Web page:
The CIA program regularly assists pet owners who are no longer able to care for their pets and may even be putting themselves in peril because they are placing the needs of the pet above their own. Some pet owners delay medical treatment or ignore personal safety to stay with and care for a pet. This challenge is clearly seen among domestic violence survivors. Studies estimate that as many as 48% of domestic violence victims remain in abusive situations due to fear of what would happen if they left their pets behind (Ascione, 2007), and that more than 70% of women entering domestic violence shelters report that the abuser has threatened, harmed, or killed a family pet (Ascione, Weber, & Wood, 1997).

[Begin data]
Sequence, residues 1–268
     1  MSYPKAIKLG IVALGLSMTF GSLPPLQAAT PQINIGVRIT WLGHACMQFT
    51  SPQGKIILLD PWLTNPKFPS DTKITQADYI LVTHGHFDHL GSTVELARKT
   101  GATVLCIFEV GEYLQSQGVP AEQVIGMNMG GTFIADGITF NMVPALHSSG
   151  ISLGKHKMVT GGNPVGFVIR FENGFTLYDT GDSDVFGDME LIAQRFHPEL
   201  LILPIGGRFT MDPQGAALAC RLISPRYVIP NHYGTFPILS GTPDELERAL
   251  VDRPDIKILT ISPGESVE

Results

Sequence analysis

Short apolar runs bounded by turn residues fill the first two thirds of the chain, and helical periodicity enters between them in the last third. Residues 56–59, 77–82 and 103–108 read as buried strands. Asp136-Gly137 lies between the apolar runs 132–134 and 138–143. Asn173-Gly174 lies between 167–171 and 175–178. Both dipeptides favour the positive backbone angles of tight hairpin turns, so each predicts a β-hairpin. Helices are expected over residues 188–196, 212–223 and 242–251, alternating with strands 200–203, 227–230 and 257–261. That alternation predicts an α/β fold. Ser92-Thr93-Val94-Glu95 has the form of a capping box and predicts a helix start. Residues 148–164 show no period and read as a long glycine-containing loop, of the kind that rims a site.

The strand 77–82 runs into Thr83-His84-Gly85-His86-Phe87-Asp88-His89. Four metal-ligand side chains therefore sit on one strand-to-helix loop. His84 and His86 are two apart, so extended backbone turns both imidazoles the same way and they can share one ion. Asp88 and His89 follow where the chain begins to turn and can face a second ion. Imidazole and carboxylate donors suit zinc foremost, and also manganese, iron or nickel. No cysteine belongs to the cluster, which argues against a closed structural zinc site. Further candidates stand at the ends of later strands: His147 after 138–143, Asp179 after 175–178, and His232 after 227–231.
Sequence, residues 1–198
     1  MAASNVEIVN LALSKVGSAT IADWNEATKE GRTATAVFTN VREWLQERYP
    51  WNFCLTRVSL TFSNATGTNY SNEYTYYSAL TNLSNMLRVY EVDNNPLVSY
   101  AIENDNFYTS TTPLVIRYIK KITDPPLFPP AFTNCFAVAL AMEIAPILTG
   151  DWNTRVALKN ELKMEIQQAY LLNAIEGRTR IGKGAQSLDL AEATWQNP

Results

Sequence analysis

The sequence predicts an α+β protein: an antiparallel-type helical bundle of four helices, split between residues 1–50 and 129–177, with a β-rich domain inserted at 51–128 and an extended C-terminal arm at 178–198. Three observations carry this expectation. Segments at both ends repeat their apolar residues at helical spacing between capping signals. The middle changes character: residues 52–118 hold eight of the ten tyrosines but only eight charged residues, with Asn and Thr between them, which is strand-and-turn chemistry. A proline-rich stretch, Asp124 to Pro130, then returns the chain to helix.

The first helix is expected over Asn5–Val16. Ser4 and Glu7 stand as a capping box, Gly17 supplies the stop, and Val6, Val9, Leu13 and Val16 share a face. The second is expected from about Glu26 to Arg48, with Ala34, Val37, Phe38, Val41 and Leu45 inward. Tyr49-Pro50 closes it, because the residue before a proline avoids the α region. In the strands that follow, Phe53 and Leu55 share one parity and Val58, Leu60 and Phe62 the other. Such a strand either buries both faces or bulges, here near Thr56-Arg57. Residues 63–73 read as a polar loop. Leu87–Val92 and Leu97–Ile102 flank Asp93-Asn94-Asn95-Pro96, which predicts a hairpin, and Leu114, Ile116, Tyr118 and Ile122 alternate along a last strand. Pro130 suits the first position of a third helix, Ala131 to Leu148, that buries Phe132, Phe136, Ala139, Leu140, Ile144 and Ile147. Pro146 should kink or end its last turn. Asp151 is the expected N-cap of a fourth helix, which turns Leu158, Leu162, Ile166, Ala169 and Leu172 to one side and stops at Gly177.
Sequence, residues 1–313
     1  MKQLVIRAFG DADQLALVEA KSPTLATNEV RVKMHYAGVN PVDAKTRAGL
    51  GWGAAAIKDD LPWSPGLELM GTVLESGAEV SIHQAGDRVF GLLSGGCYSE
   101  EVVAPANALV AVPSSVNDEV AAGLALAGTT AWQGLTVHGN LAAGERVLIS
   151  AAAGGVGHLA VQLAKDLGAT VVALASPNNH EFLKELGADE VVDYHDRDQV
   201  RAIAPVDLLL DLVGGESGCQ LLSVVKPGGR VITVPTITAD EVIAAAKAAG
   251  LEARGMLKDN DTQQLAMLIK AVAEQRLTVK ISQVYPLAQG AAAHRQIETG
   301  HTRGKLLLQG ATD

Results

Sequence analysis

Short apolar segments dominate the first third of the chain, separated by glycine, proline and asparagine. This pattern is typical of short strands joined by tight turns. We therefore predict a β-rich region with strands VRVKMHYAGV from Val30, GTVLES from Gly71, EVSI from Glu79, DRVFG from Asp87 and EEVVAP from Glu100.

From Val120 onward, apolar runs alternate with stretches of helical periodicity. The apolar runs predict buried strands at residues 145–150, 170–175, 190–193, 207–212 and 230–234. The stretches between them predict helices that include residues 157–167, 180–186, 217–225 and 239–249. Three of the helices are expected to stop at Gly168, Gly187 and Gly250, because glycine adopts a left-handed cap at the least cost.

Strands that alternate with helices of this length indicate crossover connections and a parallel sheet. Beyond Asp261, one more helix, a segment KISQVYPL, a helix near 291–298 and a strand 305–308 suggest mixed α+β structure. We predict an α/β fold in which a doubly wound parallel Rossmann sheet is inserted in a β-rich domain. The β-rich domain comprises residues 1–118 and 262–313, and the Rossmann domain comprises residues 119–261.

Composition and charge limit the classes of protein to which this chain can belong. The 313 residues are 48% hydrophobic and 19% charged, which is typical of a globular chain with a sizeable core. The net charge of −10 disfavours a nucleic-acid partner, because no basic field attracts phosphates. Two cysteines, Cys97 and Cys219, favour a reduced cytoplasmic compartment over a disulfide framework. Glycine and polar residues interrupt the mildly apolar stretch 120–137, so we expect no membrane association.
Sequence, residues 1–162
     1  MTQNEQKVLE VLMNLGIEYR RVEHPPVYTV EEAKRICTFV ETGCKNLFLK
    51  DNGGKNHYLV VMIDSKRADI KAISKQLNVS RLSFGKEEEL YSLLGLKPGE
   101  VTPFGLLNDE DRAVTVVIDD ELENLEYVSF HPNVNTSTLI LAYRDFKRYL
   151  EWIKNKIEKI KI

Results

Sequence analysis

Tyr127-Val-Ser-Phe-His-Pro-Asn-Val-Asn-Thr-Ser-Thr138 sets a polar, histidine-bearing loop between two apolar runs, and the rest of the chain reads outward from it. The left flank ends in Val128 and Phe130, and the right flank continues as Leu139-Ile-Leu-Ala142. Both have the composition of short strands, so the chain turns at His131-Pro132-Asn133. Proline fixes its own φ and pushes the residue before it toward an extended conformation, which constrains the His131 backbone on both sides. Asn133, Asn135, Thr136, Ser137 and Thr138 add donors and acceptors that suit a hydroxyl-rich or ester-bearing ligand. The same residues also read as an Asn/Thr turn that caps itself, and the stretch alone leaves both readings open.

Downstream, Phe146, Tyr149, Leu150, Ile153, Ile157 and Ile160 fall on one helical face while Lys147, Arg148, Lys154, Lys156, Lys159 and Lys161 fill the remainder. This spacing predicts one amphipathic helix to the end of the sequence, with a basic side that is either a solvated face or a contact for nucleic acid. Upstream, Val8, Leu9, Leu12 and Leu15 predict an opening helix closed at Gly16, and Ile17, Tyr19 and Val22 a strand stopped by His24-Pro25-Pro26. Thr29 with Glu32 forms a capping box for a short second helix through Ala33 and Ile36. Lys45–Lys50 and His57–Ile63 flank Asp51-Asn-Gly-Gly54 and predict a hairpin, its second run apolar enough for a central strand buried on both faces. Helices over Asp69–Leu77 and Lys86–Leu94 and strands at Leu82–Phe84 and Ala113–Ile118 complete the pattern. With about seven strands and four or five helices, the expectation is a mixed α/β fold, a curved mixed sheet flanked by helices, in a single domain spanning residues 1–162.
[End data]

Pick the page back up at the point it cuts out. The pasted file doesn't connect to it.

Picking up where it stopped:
Social workers can play a very important role in helping pet owners plan for the care of their pets during emergencies, including gathering contact information for neighbors, friends, or family who can care for a pet. The ASPCA recommends that social workers working with domestic violence survivors include pets when creating safety plans. 

Social workers should have conversations with pet owners to determine in advance who will care for the animal if the owner is suddenly unable and develop strategies for reuniting them later. Being knowledgeable about animal welfare organizations, pet-friendly resources, and low-cost veterinary services in the community can also be beneficial in helping clients access services.